A $25 Minimum Wage
With one bold move, Bank of America Corp. gained an edge in the war for talent — and set another benchmark for environmental, social and governance reporting.
Last month, the megabank announced that it’s raising its minimum wage to $25 an hour by 2025; it previously raised its minimum wage to $20 an hour last year. That’s not the highest minimum wage — First Republic Bank, based in costly San Francisco, pays at least $30 in all its markets. But it’s well above the roughly $16 median hourly wage earned by a bank teller, according to the Bureau of Labor Statistics. And it outpaces the starting pay shelled out by its big bank rivals. JPMorgan Chase & Co. pays $16 to $20 an hour, based on geographic market, and Wells Fargo & Co. pays $15 to $20 an hour, according to their respective ESG reports.
Banks looking to hire will be hard pressed to get anyone in the door for less, says Jeff Fairchild, director of compensation consulting at Newcleus Compensation Advisors. “I’ve had one client say, ‘we can’t even get anybody to come for an interview for less than $20 an hour.’ … For some, it’s $15.”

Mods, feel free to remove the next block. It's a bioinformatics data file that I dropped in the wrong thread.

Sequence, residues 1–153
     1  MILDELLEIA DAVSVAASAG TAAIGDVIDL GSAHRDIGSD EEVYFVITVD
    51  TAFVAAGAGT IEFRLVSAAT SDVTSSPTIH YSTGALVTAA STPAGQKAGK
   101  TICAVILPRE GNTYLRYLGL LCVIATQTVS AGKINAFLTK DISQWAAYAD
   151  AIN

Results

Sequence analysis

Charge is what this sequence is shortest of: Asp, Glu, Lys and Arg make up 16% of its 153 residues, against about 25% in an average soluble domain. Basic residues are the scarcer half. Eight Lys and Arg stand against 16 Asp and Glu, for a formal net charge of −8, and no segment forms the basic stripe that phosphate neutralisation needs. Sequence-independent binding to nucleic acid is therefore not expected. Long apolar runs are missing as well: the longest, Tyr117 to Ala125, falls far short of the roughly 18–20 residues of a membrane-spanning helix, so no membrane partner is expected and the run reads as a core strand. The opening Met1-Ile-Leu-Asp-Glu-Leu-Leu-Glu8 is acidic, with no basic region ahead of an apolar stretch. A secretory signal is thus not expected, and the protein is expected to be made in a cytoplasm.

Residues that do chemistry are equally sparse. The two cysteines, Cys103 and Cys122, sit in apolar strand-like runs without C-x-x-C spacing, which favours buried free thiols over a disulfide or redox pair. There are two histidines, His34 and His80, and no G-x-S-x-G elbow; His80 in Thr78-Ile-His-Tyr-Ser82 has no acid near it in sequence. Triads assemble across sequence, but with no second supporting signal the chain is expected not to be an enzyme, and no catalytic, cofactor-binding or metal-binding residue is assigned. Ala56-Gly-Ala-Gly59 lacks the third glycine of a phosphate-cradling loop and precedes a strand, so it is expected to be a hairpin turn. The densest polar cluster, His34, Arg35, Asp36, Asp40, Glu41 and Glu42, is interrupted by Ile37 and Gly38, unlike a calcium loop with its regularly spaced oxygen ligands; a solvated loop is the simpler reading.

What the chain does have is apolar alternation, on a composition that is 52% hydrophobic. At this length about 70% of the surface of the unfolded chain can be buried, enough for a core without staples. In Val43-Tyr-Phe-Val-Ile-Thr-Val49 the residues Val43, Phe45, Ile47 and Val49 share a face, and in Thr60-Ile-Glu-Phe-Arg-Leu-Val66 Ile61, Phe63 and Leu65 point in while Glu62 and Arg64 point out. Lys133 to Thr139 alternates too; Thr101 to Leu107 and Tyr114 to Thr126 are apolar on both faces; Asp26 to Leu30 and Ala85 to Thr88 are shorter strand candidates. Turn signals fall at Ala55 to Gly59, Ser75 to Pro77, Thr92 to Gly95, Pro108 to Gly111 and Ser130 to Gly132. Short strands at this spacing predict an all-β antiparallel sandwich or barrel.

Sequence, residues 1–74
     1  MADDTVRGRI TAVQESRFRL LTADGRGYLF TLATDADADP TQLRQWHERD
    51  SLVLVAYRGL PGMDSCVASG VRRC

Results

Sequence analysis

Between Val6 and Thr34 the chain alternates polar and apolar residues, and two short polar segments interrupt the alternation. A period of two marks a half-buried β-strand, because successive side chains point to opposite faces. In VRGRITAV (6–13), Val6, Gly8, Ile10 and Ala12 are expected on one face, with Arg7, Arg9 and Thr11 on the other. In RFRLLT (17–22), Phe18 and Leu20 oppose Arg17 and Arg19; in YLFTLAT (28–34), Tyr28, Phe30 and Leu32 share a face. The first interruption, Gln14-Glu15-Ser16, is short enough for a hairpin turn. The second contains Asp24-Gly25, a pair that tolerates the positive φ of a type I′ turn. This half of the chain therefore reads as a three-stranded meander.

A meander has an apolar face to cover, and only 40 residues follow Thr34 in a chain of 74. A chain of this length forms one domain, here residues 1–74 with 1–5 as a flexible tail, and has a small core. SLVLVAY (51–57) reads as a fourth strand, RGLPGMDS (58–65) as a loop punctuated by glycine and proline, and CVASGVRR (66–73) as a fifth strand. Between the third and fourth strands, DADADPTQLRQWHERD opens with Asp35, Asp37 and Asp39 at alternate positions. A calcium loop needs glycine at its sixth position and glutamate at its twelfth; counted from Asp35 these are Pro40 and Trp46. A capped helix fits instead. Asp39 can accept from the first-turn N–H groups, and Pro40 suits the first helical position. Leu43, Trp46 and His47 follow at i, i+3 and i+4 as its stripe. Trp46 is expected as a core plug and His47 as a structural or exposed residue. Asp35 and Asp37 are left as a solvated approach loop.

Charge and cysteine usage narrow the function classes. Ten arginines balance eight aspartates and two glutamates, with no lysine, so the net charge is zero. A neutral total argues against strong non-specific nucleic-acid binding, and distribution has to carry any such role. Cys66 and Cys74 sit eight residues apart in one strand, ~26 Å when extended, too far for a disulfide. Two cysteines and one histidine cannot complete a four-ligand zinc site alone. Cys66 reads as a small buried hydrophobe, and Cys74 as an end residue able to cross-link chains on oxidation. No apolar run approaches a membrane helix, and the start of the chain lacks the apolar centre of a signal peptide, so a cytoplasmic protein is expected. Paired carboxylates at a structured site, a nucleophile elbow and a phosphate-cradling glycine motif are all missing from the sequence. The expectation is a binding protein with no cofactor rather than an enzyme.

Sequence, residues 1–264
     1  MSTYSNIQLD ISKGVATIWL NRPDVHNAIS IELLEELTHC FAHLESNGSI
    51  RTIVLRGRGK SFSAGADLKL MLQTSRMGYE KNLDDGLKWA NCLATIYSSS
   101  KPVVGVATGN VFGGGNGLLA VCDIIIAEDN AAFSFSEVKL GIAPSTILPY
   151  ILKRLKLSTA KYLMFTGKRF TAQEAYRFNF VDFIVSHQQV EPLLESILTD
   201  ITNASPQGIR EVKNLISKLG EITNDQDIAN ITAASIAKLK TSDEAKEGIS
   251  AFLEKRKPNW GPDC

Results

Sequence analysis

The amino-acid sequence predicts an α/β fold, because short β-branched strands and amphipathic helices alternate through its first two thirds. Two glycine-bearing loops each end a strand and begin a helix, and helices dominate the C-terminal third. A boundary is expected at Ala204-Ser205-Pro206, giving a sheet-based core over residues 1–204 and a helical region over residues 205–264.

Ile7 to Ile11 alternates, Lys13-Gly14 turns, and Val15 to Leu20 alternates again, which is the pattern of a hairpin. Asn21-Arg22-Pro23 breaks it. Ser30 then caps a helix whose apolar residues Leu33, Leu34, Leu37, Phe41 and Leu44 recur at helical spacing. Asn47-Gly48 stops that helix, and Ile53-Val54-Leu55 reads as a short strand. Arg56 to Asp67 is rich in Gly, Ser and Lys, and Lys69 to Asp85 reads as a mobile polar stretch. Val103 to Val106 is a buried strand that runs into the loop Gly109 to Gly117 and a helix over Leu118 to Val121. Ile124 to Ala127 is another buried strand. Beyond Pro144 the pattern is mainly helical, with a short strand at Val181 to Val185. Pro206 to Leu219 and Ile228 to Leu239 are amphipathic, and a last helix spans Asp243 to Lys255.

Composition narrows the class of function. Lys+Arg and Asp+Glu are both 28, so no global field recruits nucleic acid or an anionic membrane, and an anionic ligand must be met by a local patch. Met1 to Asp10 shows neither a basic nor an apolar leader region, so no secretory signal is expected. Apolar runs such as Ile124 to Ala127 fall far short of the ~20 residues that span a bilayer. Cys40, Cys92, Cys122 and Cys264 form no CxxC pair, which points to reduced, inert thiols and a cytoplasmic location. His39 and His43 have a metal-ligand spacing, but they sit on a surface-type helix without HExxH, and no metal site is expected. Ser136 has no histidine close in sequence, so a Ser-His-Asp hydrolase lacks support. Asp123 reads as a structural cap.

Bank Director’s 2021 Compensation Survey, sponsored by Newcleus, explores rising stakes in the industry’s war for talent, with banks struggling to fill various positions, from technology and lending to entry-level staff. The smallest institutions in particular tell us they can’t effectively compete.
One CEO of an Oregon-based community bank says that the bank’s greatest compensation challenge is attracting people for entry-level positions. “We have had to deploy an in-house minimum wage of $15 [an] hour to attract and retain these people,” he writes. Little wonder that managing compensation and benefit costs remains a top compensation challenge.
But Bank of America appears to be willing and able to pay more to attract talent to its team.
Even vendors must comply. Along with the pay hike for its own staff, the bank expects its U.S. suppliers — more than 2,000 companies employing 43,000 workers — to pay at least $15 an hour to employees working directly with the bank. Some vendors already paid this minimum rate; Bank of America has been working to get the rest on board.
It’s not unusual for large companies to ensure that their suppliers align with their ESG goals — around environmental sustainability or diversity & inclusion, for example — but Bank of America seems to be the first mover among the big banks in setting a minimum wage for vendors.
As investors and other stakeholders increasingly look for companies to ramp up their ESG disclosures, it remains to be seen if other organizations will follow the banking giant’s example.
• Emily McCormick, vice president of research